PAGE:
By Reyan Ali
4:40 PM EDT, June 24, 2013
w/ Night Beds and John Parson. $10. 8 p.m., June 27. Cafe Nine, 250 State St., New Haven, cafenine.com
One of two scenarios tends to occur when a child grows up alongside something their parent really, really loves. Either the child really, really loves that thing, too, or learns how to really, really hate it. In the instance of Long Island-bred, Los Angeles-based singer-songwriter Jenny Ognibene (professional alias: Jenny O.) and her father's preferred genre, the former outcome won. As she discusses the favorite music of her youth, Ognibene brings up classic rock, jazz, classical music and hip-hop. The first genre on that list wielded the most influence. Her dad manned (and still mans) bass in classic rock cover bands as she was growing up, performing Creedence Clearwater Revival, the Beatles, the Rolling Stones, the Beach Boys and Motown artists. At least one of her father's groups practiced in her home, and she would go see him play all the time. By the time she was of high school age, noted local acts played school dances and battles of the bands, and her father would often participate in such bands, as would Ognibene herself.
“All those songs were just part of my upbringing, and all those instruments were just around,” the 31-year-old says. “[Classic rock has] just always suited me. I always have been in alignment with my father on music in that way. I mean, there's a lot of differences. Even now, I'll play him things he doesn't like that I'm like, 'Okay, now, I know this is good, dad.' But as far as the Beatles [go], it's like, yeah, I love the Beatles. I've never not liked the Beatles because my father liked the Beatles.” She rebelled in non-musical ways, she adds. “Your normal stuff. Uhhh... not being good at school.”
Because of all these ties and a sense of normalcy she tied to the idea of making music, she began playing instruments at an early age. Piano came around age 6, guitar at 8, and then cello and electric bass somewhere around there, too. At 14, she finished writing her first song, but before she would graduate high school and attend secondary schools around New York, she didn't take the idea of making music particularly seriously. As she left home and realized that she needed an instrument much more portable than the piano in order to make it as a traveling singer-songwriter, she began cultivating her chops on the guitar. During one visit to California to do some recording, she met the Black Crowes' Chris Robinson, and talking to Robinson seriously motivated her and made her feel like she could make a career work. She also talks about feeling such a deep emotional connection to people in California — one that reminded her of her youth — that she made the move out west.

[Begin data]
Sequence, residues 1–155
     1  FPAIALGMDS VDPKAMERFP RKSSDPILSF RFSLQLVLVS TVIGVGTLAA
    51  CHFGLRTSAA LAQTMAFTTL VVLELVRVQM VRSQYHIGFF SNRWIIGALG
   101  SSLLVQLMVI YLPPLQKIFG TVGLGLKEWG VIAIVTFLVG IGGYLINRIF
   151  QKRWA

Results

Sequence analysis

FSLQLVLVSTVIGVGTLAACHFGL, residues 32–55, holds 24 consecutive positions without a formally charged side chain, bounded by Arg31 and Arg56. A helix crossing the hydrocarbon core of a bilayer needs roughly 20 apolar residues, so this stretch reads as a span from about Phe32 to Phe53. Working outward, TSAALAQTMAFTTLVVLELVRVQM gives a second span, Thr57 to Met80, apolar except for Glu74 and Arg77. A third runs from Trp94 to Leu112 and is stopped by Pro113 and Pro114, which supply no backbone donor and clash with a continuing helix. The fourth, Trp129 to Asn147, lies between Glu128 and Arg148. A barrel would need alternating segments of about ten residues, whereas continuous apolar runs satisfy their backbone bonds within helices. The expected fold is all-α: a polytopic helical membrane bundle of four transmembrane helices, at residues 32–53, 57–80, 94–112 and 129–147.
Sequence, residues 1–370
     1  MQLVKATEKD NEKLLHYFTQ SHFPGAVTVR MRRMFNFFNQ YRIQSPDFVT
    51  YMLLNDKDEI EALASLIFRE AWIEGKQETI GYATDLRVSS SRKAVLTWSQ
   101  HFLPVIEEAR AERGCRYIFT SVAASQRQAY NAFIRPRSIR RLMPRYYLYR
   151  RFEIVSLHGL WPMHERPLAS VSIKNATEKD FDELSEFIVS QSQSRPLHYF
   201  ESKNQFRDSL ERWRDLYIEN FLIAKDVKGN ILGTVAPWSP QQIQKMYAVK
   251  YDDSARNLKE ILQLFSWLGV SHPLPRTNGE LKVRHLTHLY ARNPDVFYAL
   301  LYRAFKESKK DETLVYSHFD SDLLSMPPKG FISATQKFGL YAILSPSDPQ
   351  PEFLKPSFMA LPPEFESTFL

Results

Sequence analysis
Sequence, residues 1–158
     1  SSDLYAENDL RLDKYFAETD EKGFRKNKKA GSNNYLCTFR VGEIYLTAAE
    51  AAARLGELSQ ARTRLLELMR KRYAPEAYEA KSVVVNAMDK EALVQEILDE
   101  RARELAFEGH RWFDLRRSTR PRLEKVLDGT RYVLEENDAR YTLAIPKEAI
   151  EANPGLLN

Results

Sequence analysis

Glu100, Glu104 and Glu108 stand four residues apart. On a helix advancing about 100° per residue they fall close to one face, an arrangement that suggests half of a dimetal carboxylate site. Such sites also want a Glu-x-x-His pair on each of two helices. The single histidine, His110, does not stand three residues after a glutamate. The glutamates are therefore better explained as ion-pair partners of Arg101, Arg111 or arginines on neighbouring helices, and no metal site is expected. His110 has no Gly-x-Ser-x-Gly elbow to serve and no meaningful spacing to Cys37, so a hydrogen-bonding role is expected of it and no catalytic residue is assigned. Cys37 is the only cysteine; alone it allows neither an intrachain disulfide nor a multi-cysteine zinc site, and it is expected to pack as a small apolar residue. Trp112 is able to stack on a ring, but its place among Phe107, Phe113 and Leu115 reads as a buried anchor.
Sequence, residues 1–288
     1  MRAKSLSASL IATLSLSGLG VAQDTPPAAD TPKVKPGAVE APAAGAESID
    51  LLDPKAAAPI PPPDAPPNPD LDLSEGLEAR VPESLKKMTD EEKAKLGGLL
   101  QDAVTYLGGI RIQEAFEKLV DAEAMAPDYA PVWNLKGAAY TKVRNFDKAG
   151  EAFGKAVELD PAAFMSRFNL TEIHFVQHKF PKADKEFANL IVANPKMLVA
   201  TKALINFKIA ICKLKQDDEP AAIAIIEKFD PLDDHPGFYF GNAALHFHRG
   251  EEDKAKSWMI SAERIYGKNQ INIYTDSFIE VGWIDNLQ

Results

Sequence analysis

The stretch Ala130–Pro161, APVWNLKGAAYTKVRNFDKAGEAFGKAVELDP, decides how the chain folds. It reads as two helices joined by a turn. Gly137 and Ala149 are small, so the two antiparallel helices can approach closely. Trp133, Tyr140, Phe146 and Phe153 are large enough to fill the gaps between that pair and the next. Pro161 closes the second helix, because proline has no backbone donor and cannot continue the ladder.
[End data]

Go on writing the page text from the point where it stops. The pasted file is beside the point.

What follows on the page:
Automechanic, Jenny O.'s February-released debut full-length, finds her focusing on daydreamy, acoustic-heavy songs replete with hues of classic rock bands and 1970s singer-songwriter sorts. The record maintains a general peacefulness, what with its slow to medium pace and genial vocal harmonies, but half the time, it's a resigned sort of peacefulness. Take “Lazy Jane,” which obsesses over self-doubt in the face of love: “I'll never make it with the other believers/I don't have it/And I'm likely to quit” and later “I'm feeling blue/Cause I can't have you/Call me crazy/Hey, it may be true/I'm still crying for you.” But a song later in “Come Get Me,” the music is much more upbeat. Then, “Get Lost” — the track after that — returns to gloom. This is how the majority of Automechanic runs: a sad song, a happy song, a sad song, a happy song. To Ognibene's credit, it's a savvy enough tactic to help show off some range.
Much like the most famous records of artists her father prefers, Automechanic was recorded to two-inch analog tape instead of being done digitally. Clarity of sound was key to this decision, as was nostalgia — but the latter not in the way you'd think. “I recorded little songs on a tape machine as a little kid. We always had a tape machine in the house, so there's a common theme in my life of winding reels of tape and using tape machines. I guess when I'm recording or making a record, there's a sense of belonging there — kind of [feeling] in my element,” she says. “There's a nostalgia in that sense of throughout my life, this is my process, but it's not a nostalgia for another time period or anybody else's life.”
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